[link] lists the reference values for blood plasma, cerebrospinal fluid (CSF), and urine for the six ions addressed in this section. In a clinical setting, sodium, potassium, and chloride are typically analyzed in a routine urine sample. In contrast, calcium and phosphate analysis requires a collection of urine across a 24-hour period, because the output of these ions can vary considerably over the course of a day. Urine values reflect the rates of excretion of these ions. Bicarbonate is the one ion that is not normally excreted in urine; instead, it is conserved by the kidneys for use in the body’s buffering systems.

Electrolyte and Ion Reference Values
Name Chemical symbol Plasma CSF Urine
Sodium Na + 136.00–146.00 (mM) 138.00–150.00 (mM) 40.00–220.00 (mM)
Potassium K + 3.50–5.00 (mM) 0.35–3.5 (mM) 25.00–125.00 (mM)
Chloride Cl - 98.00–107.00 (mM) 118.00–132.00 (mM) 110.00–250.00 (mM)
Bicarbonate HCO 3 - 22.00–29.00 (mM) ------ ------
Calcium Ca ++ 2.15–2.55 (mmol/day) ------ Up to 7.49 (mmol/day)
Phosphate HPO 4 2 0.81–1.45 (mmol/day) ------ 12.90–42.00 (mmol/day)

Questions & Answers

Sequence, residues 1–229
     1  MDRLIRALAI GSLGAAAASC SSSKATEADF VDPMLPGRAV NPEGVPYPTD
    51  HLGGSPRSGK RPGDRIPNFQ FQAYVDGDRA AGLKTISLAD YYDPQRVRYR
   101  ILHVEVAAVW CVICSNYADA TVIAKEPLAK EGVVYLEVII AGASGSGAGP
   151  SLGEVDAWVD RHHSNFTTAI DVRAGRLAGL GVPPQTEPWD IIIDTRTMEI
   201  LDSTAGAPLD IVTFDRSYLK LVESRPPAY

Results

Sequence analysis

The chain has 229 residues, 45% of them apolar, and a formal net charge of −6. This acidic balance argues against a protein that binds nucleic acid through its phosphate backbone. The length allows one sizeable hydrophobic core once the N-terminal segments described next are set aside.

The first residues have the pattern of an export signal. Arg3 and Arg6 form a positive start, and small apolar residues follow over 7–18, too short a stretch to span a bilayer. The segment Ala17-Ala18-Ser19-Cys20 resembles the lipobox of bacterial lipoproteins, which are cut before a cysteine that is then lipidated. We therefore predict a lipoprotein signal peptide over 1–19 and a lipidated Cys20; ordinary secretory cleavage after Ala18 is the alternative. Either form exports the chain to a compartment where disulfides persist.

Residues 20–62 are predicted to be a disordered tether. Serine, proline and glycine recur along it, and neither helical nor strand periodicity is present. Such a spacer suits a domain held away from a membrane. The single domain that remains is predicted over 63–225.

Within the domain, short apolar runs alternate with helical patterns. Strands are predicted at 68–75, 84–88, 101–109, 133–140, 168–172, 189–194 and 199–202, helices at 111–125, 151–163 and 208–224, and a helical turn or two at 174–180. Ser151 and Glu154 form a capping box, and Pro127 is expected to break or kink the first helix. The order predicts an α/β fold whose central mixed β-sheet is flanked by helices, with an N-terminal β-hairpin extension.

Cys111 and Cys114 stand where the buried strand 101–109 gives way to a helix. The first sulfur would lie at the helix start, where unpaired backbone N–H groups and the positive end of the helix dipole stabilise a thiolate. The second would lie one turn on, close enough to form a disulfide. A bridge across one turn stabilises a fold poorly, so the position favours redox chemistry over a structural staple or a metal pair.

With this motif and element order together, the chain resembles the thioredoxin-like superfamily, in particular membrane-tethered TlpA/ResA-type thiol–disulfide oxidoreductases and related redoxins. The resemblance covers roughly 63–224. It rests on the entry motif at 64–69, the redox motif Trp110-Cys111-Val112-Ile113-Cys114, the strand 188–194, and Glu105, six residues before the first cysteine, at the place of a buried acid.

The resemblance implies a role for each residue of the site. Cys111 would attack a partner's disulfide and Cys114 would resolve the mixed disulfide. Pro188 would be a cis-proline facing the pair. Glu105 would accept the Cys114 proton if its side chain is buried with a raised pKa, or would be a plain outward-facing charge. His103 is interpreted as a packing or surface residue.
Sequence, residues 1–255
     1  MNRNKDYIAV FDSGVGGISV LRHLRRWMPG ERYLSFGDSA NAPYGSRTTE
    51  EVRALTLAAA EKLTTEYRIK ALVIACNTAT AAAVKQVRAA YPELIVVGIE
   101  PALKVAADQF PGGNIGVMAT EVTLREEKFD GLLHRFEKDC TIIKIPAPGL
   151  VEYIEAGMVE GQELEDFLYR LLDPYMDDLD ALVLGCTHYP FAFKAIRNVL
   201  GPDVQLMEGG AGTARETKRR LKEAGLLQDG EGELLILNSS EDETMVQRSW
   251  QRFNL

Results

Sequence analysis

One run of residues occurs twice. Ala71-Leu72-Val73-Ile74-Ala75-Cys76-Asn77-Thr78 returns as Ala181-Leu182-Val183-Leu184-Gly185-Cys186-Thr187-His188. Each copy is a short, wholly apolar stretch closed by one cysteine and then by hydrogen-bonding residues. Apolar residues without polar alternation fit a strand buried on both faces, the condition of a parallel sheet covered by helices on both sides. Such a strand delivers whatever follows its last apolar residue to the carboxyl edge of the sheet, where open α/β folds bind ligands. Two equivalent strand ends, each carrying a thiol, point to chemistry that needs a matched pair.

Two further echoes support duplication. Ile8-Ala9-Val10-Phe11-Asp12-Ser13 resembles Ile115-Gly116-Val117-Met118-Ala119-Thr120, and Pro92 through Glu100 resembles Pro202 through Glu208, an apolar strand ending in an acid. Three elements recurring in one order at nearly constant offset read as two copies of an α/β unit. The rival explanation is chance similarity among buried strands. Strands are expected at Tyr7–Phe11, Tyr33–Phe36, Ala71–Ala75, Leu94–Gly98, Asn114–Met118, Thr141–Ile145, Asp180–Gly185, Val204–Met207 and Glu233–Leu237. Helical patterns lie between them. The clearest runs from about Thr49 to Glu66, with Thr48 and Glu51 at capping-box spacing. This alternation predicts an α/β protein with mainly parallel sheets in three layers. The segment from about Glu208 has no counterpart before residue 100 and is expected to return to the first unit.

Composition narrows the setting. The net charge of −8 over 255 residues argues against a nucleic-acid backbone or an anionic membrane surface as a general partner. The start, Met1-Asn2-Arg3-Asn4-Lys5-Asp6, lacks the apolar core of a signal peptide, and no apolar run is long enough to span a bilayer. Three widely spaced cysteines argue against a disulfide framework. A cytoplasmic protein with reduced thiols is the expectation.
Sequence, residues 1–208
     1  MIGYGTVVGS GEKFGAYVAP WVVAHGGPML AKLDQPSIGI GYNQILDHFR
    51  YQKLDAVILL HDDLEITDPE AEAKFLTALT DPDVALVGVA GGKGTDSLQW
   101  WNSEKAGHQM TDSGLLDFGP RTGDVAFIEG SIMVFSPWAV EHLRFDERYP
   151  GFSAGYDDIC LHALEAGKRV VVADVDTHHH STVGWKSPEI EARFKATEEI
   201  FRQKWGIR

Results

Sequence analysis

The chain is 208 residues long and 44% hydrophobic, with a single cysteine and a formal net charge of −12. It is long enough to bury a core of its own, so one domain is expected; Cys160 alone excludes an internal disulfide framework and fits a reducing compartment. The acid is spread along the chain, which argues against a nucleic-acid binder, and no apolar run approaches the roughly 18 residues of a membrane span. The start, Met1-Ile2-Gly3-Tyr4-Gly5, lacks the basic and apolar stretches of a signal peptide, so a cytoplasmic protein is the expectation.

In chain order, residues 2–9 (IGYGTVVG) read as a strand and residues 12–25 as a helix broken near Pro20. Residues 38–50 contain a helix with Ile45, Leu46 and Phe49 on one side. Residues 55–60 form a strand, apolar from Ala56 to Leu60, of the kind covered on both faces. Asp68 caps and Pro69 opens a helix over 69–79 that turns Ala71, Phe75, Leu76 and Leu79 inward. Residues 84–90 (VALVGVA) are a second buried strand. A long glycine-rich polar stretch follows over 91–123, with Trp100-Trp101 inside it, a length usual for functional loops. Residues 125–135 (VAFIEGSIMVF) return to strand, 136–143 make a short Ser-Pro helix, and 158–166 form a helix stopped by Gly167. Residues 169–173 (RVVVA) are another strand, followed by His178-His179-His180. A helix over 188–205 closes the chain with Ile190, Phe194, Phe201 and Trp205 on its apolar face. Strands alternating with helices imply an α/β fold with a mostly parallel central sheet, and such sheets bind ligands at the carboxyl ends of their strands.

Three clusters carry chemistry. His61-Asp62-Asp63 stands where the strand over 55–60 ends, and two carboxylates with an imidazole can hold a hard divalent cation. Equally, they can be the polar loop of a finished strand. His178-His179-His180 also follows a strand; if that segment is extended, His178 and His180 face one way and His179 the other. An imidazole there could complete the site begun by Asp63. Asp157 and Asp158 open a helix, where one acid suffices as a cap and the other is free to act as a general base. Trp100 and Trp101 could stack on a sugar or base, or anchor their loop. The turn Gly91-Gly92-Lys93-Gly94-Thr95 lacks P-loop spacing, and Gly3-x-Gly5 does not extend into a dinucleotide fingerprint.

what is metabolism
fred Reply
Chemical reaction that takes in place in the cell of a living organism that includes anabolism and Catobolism.
metabolic chemical reaction is of two types, anabolism and catabolism. The break down of larger molecules into smaller molecules is called catabolism.
Metabolism is the chemical reaction that includes anabolism and catabolism
Anabolism is the chemical reaction that combines all the smaller quantities to make large
Catabolism is the chemical process that breaks larger quantities into small
what's abdominal police?
hydrochloric acid is the stomach police
its the stomach omentum
description of the ears
Nana Reply
which component of mucus allows it to maintain local level of hydration
Loriann Reply
can the teeth be classify under bones?
Ojaga Reply
Bony prominents
What is the largest muscle in the lower leg
Gwen Reply
what's a nervous system
Dante Reply
Is a the group of neurons and glial cells that work together to receive, integrate and responds appropriately to stimulus in the periphery, spinal cord and brain.